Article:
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Understanding Support for Internet Censorship in China: An Elaboration of the Theory of Reasoned Action
Unformatted Document Text:  RUNNING HEAD: Understanding Support for Internet Censorship in China 8 Wright, 1992; J. M. McLeod, et al., 1998; Wan & Youn, 2004; Wan, et al., 2001) have shown that approval of censorship is significantly predicted by a person’s score on the authoritarian personality scale. Here, approval could mean either verbal or behavioral expressions. However, as long as the authoritarian individuals harbor an inclination toward or preference for actions promoted by domination more than other people, we argue that authoritarian personality trait ought to be included as an important factor in the study of attitude-behavior relationship, specifically in predicting support of censorship of political information in China. The Third-Person Effect Our second addition to the TRA model is a concept taken from the third-person effect (TPE) research originally developed by Davison (Davison, 1983). Despite the very different locus of analysis, the two theories share a common emphasis on the perceptual base of social judgment. Attitudes toward censorship of any sort involve perceptions of loss and gain. Systematic closure of an area of discourse by coercion requires discursive justification on the part of the censorship imposer and acceptance by the affected. The chief perceptual component of TPE, the third-person perception (TPP), predicts that people exposed to persuasive communication have the tendency to see messages as having greater effects on others than on themselves, when undesirable social influences are presumed (Davison, 1983). The fact that censorship deprives all receivers of legitimate access seems to be irrelevant, even those who stand by such regulations. Apparently, perceived ramifications of negative messages override private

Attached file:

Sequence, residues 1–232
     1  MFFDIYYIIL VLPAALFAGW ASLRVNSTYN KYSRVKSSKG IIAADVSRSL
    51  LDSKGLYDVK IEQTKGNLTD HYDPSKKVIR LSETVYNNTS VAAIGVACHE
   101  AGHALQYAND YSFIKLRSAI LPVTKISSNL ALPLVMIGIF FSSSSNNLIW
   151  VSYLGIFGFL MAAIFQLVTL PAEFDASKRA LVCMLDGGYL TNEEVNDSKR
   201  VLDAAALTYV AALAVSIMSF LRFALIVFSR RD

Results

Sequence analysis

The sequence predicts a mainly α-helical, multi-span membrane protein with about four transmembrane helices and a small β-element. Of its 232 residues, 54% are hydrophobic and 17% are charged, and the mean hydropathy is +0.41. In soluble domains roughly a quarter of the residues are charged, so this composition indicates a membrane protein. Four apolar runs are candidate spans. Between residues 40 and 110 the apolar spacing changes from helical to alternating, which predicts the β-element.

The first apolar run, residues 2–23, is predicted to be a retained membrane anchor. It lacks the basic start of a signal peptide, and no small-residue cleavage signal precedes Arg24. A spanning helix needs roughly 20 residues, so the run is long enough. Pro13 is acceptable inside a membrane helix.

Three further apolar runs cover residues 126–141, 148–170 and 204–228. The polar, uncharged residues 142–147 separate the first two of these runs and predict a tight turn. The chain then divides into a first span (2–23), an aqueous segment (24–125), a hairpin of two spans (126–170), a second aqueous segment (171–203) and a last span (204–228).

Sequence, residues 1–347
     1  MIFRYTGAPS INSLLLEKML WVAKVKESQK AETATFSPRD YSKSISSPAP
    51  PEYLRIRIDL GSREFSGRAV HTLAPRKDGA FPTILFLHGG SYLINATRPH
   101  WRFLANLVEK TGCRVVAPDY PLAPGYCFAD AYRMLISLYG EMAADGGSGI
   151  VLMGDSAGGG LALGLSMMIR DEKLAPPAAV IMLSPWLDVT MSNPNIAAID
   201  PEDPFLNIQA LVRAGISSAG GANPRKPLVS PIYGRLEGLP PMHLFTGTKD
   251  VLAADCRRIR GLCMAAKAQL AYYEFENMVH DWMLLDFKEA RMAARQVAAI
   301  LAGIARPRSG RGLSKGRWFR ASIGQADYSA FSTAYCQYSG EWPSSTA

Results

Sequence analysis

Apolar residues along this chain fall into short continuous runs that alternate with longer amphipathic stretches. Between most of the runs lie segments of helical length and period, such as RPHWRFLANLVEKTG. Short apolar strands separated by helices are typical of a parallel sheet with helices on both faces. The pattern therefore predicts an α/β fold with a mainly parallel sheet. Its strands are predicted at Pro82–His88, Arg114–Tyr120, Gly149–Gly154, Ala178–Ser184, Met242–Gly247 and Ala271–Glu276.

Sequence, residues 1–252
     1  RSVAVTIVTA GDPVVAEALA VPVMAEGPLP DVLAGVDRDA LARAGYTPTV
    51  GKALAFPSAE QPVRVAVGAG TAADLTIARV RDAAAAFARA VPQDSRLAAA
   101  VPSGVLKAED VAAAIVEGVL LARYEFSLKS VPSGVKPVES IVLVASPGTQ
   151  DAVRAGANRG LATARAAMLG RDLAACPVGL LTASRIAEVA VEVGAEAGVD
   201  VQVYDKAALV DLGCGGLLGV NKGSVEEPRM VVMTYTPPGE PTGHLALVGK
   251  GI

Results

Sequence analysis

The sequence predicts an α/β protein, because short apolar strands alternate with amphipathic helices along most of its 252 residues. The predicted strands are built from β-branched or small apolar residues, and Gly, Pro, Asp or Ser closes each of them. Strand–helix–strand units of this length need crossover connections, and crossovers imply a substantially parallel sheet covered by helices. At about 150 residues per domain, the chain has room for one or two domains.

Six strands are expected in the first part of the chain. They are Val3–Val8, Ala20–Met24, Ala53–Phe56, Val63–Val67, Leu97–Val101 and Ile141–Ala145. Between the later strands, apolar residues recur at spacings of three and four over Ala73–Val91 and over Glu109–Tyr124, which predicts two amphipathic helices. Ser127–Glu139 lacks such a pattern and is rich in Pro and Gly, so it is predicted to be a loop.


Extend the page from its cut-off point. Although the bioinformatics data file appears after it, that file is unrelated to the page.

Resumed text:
Authors: Feng, Guangchao.
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RUNNING HEAD: Understanding Support for Internet Censorship in China 
8
shown that approval of censorship is significantly predicted by a person’s score on the 
authoritarian personality scale. Here, approval could mean either verbal or behavioral 
expressions. However, as long as the authoritarian individuals harbor an inclination 
toward or preference for actions promoted by domination more than other people, we 
argue that authoritarian personality trait ought to be included as an important factor in 
the study of attitude-behavior relationship, specifically in predicting support of 
censorship of political information in China. 
The Third-Person Effect 
Our second addition to the TRA model is a concept taken from the third-person effect 
(TPE) research originally developed by Davison (Davison, 1983). Despite the very 
different locus of analysis, the two theories share a common emphasis on the 
perceptual base of social judgment. Attitudes toward censorship of any sort involve 
perceptions of loss and gain. Systematic closure of an area of discourse by coercion 
requires discursive justification on the part of the censorship imposer and acceptance 
by the affected. 
The chief perceptual component of TPE, the third-person perception (TPP), 
predicts that people exposed to persuasive communication have the tendency to see 
messages as having greater effects on others than on themselves, when undesirable 
social influences are presumed (Davison, 1983). The fact that censorship deprives all 
receivers of legitimate access seems to be irrelevant, even those who stand by such 
regulations. Apparently, perceived ramifications of negative messages override private 


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